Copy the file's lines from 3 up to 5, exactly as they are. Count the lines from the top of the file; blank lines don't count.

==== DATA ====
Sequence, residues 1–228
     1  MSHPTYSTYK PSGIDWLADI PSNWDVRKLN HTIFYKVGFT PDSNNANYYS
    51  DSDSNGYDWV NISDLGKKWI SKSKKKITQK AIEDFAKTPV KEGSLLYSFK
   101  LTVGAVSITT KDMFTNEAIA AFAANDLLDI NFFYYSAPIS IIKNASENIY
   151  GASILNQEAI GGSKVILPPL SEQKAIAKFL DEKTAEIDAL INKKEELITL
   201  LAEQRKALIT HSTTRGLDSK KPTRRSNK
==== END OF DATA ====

    51  DSDSNGYDWV NISDLGKKWI SKSKKKITQK AIEDFAKTPV KEGSLLYSFK
   101  LTVGAVSITT KDMFTNEAIA AFAANDLLDI NFFYYSAPIS IIKNASENIY
   151  GASILNQEAI GGSKVILPPL SEQKAIAKFL DEKTAEIDAL INKKEELITL